Carnegie officials are sensitive about discussing Caruthers; for the past 10 months the company has had serious troubles of its own. The Securities and Exchange Commission halted the trading of Carnegie stock April 29, 1999, one day after its listing on the American Stock Exchange. The SEC launched an inquiry into company financial reports, and the AMEX later moved to drop Carnegie altogether.

Company officials hope to resume trading by summer, but with more than $362 million in stocks frozen, irate investors have filed suits accusing some officers of issuing false statements about company revenues. None of the allegations mentions Caruthers, but investors have passed along information about him to the SEC.

Meanwhile, Caruthers has continued to pursue business deals harking back to Strongput. Faxes in 1998 referred to meetings with Black and Decker Corp. officials about producing nongrip power tools.

Disgruntled Strongput investors have neither forgiven nor forgotten that they lost their money by betting on Caruthers. In December 1998 they obtained a consent order from the Maryland attorney general's office barring Caruthers, Pearl and Gershberg from selling further securities. The three each paid $5,000 in fines but admitted no wrongdoing.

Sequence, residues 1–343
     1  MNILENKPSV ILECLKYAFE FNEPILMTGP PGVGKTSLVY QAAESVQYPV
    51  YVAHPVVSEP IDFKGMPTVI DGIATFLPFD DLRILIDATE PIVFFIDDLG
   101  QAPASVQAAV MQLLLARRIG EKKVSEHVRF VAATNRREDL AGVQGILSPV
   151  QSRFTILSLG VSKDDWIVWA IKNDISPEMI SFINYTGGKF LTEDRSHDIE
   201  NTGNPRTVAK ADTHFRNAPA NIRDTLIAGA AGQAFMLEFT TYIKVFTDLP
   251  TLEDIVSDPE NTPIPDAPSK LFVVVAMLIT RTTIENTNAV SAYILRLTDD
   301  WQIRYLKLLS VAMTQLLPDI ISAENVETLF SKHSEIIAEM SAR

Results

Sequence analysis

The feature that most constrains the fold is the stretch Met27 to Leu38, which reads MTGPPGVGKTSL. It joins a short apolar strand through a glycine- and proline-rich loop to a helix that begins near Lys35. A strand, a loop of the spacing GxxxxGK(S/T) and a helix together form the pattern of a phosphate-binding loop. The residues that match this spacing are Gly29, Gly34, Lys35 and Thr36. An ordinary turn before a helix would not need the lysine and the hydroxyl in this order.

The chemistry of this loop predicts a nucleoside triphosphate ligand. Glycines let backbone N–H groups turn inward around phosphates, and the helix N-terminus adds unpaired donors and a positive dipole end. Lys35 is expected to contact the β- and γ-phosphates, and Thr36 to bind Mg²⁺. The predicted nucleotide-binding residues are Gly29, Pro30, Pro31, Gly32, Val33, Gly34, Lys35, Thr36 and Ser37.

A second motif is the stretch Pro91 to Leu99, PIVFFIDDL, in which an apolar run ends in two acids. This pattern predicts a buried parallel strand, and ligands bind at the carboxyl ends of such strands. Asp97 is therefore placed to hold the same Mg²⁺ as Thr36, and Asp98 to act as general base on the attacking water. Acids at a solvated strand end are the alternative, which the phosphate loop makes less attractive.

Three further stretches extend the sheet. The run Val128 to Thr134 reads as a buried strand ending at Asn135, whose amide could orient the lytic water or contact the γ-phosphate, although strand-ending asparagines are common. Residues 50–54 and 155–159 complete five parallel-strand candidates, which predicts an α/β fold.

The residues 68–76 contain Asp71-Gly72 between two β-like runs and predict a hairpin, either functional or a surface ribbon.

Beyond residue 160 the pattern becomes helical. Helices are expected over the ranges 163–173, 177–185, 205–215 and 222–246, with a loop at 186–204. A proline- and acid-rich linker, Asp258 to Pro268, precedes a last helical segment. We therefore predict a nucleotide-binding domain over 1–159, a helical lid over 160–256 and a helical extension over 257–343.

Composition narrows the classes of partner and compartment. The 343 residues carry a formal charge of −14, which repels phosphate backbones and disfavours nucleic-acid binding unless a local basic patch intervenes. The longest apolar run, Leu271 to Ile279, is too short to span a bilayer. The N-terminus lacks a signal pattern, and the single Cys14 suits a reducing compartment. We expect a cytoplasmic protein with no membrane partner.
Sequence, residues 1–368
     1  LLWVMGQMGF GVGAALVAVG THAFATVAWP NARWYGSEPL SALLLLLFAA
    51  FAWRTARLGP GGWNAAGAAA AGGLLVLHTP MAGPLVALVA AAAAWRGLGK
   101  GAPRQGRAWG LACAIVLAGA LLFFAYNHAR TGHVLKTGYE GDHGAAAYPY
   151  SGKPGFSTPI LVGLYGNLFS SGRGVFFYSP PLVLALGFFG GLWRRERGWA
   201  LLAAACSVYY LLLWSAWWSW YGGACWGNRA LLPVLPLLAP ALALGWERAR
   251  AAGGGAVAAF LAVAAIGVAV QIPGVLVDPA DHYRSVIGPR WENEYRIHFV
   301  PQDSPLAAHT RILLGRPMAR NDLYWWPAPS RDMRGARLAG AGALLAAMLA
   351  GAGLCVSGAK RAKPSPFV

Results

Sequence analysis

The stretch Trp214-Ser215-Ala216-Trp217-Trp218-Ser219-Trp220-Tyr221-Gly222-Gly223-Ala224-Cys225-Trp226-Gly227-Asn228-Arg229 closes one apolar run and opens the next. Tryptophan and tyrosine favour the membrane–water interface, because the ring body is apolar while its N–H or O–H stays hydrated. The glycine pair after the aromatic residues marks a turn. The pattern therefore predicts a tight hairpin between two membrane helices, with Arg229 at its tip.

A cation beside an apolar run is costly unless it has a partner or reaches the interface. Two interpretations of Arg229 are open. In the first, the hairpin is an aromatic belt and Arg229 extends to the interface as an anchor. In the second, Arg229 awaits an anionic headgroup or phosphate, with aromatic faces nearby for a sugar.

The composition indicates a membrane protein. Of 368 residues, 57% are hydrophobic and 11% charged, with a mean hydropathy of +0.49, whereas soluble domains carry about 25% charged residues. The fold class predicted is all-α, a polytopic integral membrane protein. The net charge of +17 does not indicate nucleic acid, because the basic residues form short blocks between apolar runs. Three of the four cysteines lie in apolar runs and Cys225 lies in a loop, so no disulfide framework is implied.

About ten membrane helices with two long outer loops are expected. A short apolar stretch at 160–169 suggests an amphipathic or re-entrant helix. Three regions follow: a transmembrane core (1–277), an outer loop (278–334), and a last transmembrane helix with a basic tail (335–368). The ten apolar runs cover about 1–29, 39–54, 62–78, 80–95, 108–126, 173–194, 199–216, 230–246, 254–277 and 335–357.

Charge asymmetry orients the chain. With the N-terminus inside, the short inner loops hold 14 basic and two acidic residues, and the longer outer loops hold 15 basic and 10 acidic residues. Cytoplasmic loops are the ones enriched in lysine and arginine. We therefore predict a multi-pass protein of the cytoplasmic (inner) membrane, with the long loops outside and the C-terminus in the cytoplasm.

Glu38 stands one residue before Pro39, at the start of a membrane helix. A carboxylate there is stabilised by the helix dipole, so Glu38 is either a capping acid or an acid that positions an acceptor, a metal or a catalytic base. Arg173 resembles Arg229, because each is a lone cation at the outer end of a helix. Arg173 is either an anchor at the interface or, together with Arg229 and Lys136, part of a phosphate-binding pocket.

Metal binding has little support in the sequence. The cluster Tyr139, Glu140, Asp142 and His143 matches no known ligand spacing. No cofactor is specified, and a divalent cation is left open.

The investors weren't satisfied. After a life of relative obscurity, Caruthers was about to be examined as never before.

In the fall of 1998, Dashielle Lashra did something she hadn't done in 13 years. She contacted her family. Her father, who she said sexually abused her, had died years earlier. She told her mother that she had been out of touch for so long because of her secret work for the government. She then invited her mother, siblings, cousins, nephews and nieces to a reunion dinner the Sunday after Thanksgiving.